Tiredness, depression and weak muscles can all be signs of vitamin D deficiency.
Depression risk is raised by vitamin D deficiency, according to one study.
This may be because of the role that vitamin D plays in regulating serotonin.
Serotonin is a neurotransmitter important for mood.
Similarly, poor sleep and headaches can also be signs of the deficiency.
The current recommendations for vitamin D intake by the National Academy of Medicine are 600 IU per day for adults.
Foods that are rich in vitamin D include oily fish and eggs, but most people get their vitamin D from the action of sunlight on the skin.
Sufficient levels of vitamin D3 can help to restore the cardiovascular system, repairing damage done by diseases like hypertension and diabetes.
The conclusions come from a study that examined the impact of vitamin D3 on a vital component of the cardiovascular system, endothelial cells.
Professor Tadeusz Malinski, study co-author, said:
“Generally, Vitamin D3 is associated with the bones. However, in recent years, in clinical settings people recognize that many patients who have a heart attack will have a deficiency of D3.
It doesn’t mean that the deficiency caused the heart attack, but it increased the risk of heart attack.
We use nanosensors to see why Vitamin D3 can be beneficial, especially for the function and restoration of the cardiovascular system.”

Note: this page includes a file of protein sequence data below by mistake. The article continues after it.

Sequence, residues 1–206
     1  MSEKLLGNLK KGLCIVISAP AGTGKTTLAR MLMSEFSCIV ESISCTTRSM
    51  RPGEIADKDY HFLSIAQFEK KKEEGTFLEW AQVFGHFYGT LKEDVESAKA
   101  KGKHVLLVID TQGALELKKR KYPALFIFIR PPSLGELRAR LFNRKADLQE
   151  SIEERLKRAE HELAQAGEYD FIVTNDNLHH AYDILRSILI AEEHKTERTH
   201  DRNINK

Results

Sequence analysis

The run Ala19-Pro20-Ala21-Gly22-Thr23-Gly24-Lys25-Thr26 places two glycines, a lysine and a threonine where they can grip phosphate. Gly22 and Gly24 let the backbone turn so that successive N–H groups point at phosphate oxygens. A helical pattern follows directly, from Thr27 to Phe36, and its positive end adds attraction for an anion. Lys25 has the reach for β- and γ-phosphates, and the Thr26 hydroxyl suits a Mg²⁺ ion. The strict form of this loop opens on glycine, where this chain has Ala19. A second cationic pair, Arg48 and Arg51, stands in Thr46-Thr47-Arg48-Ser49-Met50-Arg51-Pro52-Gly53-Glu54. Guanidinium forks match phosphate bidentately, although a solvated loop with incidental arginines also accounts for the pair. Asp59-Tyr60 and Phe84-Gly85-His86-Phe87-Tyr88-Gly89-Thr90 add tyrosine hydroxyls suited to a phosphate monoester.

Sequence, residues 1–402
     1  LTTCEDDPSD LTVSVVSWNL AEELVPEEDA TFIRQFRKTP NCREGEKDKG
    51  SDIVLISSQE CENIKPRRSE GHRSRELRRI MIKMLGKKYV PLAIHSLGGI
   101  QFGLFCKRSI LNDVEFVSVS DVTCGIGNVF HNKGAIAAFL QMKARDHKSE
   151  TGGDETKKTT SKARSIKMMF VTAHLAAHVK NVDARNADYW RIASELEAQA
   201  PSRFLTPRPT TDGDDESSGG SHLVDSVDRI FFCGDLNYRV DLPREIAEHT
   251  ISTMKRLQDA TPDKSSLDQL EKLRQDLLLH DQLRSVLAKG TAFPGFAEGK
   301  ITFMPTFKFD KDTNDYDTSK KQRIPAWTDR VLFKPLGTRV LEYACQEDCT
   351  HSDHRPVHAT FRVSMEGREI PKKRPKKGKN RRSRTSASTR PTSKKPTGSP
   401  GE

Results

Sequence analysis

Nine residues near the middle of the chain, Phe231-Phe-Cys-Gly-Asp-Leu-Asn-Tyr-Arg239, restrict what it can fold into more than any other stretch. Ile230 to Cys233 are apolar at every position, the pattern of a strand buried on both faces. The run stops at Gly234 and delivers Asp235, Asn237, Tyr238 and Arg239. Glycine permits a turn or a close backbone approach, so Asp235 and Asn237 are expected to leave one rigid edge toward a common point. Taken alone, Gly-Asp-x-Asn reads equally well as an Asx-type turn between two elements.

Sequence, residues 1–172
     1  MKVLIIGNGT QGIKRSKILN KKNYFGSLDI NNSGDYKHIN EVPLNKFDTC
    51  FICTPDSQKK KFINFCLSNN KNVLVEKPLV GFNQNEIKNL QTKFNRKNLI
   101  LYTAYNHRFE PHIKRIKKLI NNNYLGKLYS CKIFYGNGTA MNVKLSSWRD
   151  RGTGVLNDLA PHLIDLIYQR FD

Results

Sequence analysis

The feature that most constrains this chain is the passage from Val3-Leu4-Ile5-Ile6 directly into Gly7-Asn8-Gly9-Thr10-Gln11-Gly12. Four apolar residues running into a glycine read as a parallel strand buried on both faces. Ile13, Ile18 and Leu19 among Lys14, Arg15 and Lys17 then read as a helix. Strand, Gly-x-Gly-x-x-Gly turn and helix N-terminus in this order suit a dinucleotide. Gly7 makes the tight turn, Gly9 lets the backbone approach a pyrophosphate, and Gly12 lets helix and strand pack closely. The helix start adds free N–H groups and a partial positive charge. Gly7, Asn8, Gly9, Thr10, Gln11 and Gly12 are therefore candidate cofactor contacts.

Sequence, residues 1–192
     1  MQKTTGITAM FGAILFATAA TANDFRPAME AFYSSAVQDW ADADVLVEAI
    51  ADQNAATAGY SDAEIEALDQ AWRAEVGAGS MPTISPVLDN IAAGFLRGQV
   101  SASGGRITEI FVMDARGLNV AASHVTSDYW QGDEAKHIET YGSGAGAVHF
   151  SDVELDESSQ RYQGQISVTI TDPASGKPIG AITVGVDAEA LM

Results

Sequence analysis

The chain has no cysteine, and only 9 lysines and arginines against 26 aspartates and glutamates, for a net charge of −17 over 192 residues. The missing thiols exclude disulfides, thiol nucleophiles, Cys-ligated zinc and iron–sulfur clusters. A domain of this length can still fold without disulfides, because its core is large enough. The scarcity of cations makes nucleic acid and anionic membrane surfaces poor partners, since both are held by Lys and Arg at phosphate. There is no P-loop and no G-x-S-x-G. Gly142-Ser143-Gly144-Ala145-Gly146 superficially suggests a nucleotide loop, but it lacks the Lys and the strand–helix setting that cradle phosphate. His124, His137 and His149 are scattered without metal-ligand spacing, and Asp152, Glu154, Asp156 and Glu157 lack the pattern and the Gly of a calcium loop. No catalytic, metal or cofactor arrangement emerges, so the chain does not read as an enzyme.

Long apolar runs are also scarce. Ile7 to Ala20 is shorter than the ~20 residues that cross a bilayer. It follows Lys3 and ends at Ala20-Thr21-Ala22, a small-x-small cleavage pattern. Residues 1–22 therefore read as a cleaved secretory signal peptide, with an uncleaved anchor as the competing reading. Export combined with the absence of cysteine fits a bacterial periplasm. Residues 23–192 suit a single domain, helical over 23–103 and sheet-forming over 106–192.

The results showed that vitamin D3 can help to prevent blood clots and reduce oxidative stress in the cardiovascular system.
Getting sufficient levels of vitamin D could help to reduce the risk of heart attacks.
Professor Malinski said:
“There are not many, if any, known systems which can be used to restore cardiovascular endothelial cells which are already damaged, and Vitamin D3 can do it.
This is a very inexpensive solution to repair the cardiovascular system.
We don’t have to develop a new drug.
We already have it.”
About the author
Psychologist, Jeremy Dean, PhD is the founder and author of PsyBlog. He holds a doctorate in psychology from University College London and two other advanced degrees in psychology.
He has been writing about scientific research on PsyBlog since 2004. He is also the author of the book “Making Habits, Breaking Habits” (Da Capo, 2003) and several ebooks:
- Accept Yourself: How to feel a profound sense of warmth and self-compassion
- The Anxiety Plan: 42 Strategies For Worry, Phobias, OCD and Panic
- Spark: 17 Steps That Will Boost Your Motivation For Anything
- Activate: How To Find Joy Again By Changing What You Do
The study was published in the International Journal of Nanomedicine (Khan et al., 2018).